Refractive Surgery | Aug 2011


The management of keratoconus and post-LASIK ectasia by means of combined, same-day, topography-guided partial PRK and collagen cross-linking.

Progressive, asymmetrical corneal steepening associated with an increase in myopic and astigmatic refractive errors, combined with midperipheral and/or peripheral corneal thinning, represents a constellation of findings in ectatic corneal disorders (eg, keratoconus and pellucid marginal degeneration).

These entitites are associated with asymmetry upon presentation, unpredictability of progression, and myriad abnormal topographic findings. Similar observations after LASIK surgery have been described as post-LASIK ectasia.1-3 Analyses of series of eyes that have developed post-LASIK ectasia have suggested that certain preoperative and/or operative features may be associated with this adverse outcome of LASIK or PRK.4 The fact that ectasia can occur in the absence of these features, or that it may not occur in spite of them, has confounded surgeons’ understanding of this complication.5 Nevertheless, post-LASIK ectasia is a visually disabling complication whose ultimate surgical treatment is penetrating keratoplasty when glasses or contact lenses can no longer provide patients with visual quality that allows them to perform their activities of daily living.

During the past 10 years, the use of topical riboflavin combined with ultraviolet-A (UVA) irradiation to increase collagen cross-linking (CXL) has demonstrated the potential for retarding or eliminating the progression of keratoconus and post-LASIK ectasia. My colleagues and I have previously reported on the application of CXL in post-LASIK ectasia.6 We have found that once the progression has stabilized, it is possible to treat the surface of the eye with customized PRK to normalize the corneal surface by reducing irregular astigmatism. After using CXL for cases of ectasia, my colleagues and I introduced the Athens Protocol, which consists of same-day, topography-guided partial PRK and CXL.


My colleagues and I at the Institute for Laser in Athens have found that simultaneous topographyguided partial PRK with corneal CXL is a safe and effective approach for normalizing the cornea and enhancing the visual function of eyes with ectatic conditions. Combined CXL with topography-guided, partial PRK can address high amounts of irregular astigmatism in these eyes.

Our theoretical and clinical evidence supports the use of the Athens Protocol, in which the surgeon performs CXL and topography-guided surface ablation in the same session rather than sequentially.

We have found that surface ablation using the topography-guided Allegretto Wave Eye-Q 400-Hz and recently the WaveLight EX500 (500-Hz) laser systems (Alcon Laboratories, Inc., Fort Worth, TX; the EX500 is not yet available in the United States) effectively and predictably normalizes the corneal surface and improves patients’ functional vision. We believe there is a synergistic effect when this procedure is performed simultaneously with CXL. Our combined approach also has a favorable safety profile. Although postoperative haze and delayed epithelial healing have occurred, these have been minor complications in a small number of eyes within a very large series.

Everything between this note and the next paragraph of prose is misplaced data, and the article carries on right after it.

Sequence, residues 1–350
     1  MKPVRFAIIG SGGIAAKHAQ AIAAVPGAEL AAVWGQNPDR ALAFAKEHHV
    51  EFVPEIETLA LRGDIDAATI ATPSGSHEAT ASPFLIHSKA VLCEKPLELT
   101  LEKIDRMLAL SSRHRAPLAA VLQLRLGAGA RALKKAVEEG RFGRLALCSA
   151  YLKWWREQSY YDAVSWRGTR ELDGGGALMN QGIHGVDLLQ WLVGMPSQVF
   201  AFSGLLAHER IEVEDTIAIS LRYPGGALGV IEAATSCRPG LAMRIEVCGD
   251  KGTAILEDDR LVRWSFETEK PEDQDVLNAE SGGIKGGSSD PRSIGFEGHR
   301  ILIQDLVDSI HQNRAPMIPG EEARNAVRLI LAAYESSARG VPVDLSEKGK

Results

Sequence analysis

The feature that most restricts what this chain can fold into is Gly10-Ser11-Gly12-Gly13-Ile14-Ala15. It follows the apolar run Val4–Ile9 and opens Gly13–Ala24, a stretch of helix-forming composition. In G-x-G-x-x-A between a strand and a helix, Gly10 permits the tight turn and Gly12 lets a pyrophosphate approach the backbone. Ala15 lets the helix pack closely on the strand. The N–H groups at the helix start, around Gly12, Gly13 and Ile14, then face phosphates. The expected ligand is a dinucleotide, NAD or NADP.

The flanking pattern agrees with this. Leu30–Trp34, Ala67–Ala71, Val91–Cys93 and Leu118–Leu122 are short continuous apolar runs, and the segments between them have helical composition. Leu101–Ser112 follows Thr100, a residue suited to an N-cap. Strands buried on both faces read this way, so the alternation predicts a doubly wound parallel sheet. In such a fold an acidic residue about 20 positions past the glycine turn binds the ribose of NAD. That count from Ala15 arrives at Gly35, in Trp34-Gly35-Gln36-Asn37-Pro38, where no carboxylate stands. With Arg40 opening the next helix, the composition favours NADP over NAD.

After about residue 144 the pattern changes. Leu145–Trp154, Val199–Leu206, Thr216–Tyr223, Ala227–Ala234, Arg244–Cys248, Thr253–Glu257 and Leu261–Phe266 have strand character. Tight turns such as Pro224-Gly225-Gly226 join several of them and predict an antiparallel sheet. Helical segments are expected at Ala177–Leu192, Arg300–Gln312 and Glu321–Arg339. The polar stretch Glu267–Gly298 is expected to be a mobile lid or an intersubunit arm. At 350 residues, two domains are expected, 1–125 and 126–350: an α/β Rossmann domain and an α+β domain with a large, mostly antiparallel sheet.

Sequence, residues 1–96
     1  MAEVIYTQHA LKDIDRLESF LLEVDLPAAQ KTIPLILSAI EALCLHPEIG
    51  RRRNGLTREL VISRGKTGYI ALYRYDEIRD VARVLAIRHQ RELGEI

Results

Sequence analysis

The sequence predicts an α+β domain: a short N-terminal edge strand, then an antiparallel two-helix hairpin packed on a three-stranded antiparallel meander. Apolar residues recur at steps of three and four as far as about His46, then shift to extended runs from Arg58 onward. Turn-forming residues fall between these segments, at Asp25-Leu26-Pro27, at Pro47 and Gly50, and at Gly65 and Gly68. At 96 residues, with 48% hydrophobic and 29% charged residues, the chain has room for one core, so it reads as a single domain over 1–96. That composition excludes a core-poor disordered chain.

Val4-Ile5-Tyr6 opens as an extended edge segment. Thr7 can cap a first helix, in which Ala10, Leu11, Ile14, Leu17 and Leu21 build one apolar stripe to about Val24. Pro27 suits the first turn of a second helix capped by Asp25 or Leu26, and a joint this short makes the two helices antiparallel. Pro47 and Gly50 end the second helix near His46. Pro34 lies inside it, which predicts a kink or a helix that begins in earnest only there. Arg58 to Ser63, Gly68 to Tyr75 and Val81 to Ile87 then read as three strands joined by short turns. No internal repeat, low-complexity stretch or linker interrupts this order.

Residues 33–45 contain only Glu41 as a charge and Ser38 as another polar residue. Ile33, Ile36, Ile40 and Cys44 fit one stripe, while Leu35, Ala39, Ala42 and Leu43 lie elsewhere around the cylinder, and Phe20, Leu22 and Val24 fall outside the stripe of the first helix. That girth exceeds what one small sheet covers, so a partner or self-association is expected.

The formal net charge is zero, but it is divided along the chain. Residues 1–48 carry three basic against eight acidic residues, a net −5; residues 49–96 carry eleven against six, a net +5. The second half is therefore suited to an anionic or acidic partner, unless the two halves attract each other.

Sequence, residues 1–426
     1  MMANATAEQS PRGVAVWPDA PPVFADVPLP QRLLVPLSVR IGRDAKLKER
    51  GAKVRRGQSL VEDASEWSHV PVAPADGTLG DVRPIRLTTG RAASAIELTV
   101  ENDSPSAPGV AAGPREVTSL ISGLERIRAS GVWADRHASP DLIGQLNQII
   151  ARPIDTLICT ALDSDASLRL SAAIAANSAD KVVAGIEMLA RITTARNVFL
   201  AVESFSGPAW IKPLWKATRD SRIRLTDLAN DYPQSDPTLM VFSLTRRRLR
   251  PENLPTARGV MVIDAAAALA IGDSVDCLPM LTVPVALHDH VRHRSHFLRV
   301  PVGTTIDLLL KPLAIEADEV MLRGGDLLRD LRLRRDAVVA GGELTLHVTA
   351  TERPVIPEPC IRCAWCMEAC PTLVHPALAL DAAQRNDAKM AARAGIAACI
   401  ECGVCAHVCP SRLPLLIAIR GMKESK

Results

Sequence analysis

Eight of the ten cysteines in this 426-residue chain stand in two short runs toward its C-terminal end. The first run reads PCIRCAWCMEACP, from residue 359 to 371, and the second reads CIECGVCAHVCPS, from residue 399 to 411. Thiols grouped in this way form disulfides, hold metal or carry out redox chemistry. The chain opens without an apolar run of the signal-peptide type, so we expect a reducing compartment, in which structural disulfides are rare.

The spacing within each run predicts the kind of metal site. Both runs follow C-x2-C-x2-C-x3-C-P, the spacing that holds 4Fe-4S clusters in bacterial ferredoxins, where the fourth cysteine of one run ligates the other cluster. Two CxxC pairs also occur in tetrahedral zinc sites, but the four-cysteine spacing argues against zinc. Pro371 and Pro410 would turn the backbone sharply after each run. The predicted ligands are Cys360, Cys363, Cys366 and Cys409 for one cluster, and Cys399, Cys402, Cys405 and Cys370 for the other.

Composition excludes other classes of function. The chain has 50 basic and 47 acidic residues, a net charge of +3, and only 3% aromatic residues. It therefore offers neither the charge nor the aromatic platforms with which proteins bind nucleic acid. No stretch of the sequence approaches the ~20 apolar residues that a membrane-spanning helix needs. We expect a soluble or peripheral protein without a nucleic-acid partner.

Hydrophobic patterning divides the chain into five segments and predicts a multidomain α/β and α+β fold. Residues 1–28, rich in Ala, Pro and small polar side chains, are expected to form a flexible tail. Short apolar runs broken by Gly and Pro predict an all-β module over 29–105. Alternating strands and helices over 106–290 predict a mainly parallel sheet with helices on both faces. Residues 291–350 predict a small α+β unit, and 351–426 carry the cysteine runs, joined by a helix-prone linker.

The efficacy of CXL for stabilizing keratectasia has been well established.6 The procedure does, however, cause some corneal flattening. Significant residual astigmatism limiting contact lens wear may be a persistent problem for some patients. In these cases, topography-guided partial PRK can be indicated.

Surface ablation on a keratoconic eye may sound unorthodox, but the goal of our treatment using the topography-guided software is to normalize the corneal surface and improve BCVA. This is a therapeutic procedure, not a refractive one; some eyes experience an increase in myopia postoperatively but also a significant improvement in surface regularity and BSCVA. We use an ablation pattern that removes no more than 50 μm of stroma and treats, at most, 2.00 to 2.50 D of astigmatism and up to 1.00 D of myopia.


Using the Athens Protocol, we begin with a 6.5-mm phototherapeutic keratectomy to remove 50 μm of epithelium. We perform the topography-guided partial PRK, apply mitomycin C (0.02% for 20 seconds), and then do the CXL procedure. The excimer laser ablation resembles that employed in a hyperopic treatment. Laser energy is applied using a 5.5-mm effective optical zone, and it targets the steepening of the area adjacent to the cone in an attempt to normalize the corneal surface. In support of our rationale for performing the two procedures simultaneously with the ablation first, data have shown that the corneal epithelium and Bowman membrane can act as barriers to the penetration of UVA light into the stroma.7 Because phototherapeutic keratectomy/PRK removes the epithelium and Bowman membrane, it seems intuitive that the efficacy of the CXL procedure would increase. This concept is supported by clinical findings.8-10